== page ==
"Wolf spiders would rather be hiding somewhere, trying to escape birds and other predators, but when land gets so flooded the spiders are forced to flee into trees and other high things," Steve Heydon, senior museum scientist at the Bohart Museum of Entomology, University of California at Davis, told Discovery News.
"These spiders leave behind a dragline of silk, so the spiders at these places in Australia must be nervously running into each other, marching around in search of food," he added. "There is clearly a lot of spider activity, as evidenced by the massive amounts of silk."
Owen Seeman, an arachnid expert at Queensland Museum, identified the spider in question as "a type of wolf spider." These are common spiders throughout the world, with 130 species documented in Australia alone.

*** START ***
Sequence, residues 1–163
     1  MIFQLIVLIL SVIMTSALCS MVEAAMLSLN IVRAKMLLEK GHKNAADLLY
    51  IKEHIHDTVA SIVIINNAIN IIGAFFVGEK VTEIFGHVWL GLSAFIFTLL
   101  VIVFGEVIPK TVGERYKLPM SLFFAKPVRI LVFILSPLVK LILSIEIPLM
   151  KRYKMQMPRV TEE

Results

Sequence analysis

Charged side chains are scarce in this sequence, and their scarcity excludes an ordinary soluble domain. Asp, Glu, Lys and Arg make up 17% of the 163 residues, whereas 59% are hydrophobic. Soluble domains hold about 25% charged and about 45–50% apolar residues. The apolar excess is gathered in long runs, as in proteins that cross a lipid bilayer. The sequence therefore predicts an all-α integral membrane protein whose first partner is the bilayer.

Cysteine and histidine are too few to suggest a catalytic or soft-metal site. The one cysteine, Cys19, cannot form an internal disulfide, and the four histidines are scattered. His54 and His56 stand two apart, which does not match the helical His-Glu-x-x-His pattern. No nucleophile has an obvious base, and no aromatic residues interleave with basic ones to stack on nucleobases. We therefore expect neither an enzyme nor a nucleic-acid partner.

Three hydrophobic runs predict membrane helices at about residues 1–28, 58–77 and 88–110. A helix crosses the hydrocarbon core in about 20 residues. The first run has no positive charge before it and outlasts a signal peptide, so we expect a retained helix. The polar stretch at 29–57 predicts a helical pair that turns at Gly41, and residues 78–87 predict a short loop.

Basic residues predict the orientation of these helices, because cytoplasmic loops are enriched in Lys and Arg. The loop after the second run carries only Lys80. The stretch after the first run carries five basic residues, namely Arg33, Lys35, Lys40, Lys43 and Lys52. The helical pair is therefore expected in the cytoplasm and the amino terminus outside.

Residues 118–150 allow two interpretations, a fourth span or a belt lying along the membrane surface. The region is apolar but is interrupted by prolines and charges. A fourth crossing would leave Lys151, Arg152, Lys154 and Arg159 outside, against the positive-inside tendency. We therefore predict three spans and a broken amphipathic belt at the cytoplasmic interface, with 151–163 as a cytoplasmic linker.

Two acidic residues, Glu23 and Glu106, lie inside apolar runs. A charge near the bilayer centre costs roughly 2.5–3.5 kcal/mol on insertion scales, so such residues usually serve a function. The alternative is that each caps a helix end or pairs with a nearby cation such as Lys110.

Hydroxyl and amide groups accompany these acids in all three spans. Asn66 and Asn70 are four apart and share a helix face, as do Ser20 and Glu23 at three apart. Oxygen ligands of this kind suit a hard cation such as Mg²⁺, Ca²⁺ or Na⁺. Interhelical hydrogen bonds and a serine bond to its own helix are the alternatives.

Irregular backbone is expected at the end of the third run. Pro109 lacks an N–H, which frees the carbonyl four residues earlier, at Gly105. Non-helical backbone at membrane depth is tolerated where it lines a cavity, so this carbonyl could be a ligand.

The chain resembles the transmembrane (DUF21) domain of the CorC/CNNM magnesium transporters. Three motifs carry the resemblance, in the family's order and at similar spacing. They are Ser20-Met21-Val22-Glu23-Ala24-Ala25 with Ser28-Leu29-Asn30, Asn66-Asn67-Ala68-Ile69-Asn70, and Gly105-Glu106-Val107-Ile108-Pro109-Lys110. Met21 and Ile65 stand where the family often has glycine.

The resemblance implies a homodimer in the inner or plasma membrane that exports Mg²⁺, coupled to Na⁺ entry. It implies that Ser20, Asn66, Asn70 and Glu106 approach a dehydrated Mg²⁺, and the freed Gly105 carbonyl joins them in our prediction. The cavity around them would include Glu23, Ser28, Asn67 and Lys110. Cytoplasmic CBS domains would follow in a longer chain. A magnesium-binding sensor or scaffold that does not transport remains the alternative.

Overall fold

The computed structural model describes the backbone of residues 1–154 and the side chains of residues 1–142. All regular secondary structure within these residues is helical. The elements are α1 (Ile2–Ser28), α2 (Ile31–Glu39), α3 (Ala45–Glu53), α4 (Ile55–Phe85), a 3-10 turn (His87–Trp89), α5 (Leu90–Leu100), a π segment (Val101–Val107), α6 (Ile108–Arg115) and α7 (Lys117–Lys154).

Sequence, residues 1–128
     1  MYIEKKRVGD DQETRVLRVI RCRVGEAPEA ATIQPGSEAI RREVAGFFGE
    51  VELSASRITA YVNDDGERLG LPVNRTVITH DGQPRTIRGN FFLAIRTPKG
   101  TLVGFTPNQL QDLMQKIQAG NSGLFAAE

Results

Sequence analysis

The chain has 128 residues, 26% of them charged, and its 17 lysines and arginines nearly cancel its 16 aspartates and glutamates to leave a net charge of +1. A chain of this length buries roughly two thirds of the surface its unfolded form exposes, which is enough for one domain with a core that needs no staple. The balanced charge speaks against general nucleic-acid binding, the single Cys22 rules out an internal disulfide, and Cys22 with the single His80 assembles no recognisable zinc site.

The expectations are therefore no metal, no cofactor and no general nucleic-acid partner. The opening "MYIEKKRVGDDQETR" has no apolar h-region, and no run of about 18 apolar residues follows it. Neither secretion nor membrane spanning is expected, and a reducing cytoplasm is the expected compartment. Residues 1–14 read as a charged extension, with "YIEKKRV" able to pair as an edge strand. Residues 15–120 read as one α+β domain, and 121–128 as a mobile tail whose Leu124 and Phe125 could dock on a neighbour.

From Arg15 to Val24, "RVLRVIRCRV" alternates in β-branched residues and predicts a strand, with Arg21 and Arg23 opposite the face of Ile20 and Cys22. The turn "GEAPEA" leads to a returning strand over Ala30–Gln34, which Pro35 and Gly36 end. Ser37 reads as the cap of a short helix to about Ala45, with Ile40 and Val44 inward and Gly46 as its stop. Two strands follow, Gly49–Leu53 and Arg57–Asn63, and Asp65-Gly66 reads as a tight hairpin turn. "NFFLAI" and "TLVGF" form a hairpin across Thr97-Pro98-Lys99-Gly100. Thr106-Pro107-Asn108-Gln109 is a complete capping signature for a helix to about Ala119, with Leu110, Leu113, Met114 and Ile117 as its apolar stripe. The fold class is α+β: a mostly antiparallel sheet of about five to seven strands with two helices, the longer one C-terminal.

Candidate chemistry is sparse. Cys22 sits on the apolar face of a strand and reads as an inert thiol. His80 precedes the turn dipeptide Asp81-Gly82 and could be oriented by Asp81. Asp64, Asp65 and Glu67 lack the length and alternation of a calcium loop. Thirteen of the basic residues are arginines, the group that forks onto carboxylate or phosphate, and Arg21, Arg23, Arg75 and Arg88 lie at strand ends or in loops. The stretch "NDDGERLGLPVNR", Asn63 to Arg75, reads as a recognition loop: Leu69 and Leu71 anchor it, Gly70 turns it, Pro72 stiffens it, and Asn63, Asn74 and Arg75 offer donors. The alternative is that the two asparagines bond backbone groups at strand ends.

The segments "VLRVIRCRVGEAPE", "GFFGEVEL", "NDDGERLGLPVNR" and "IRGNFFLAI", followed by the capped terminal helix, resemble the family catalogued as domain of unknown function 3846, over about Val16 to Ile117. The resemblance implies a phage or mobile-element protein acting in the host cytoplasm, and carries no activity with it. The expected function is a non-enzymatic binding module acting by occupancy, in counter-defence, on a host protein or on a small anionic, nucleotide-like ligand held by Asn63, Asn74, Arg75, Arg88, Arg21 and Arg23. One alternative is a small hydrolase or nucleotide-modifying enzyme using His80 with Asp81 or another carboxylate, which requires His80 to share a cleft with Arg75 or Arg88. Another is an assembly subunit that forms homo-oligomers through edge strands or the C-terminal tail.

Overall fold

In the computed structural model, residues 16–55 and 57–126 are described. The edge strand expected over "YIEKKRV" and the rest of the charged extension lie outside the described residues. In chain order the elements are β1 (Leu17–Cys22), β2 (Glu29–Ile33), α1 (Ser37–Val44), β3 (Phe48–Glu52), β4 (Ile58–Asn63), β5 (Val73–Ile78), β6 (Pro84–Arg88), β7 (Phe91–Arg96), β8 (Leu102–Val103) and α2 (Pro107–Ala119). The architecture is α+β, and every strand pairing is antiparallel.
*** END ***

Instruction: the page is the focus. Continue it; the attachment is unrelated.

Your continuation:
Wolf spiders do not make webs, which many other spiders use to capture prey.
"Wolf spiders are instead like mini tigers that run and pounce on prey at night," Heydon said.
In some of the news stories about the Australian spider silk "storm," at least one expert, the Australian Museum's entomology collections manager Graham Milledge, has been quoted as saying that the spiders were "ballooning." Andy Reynolds, a scientist at Rothamsted Research, has studied this phenomenon before.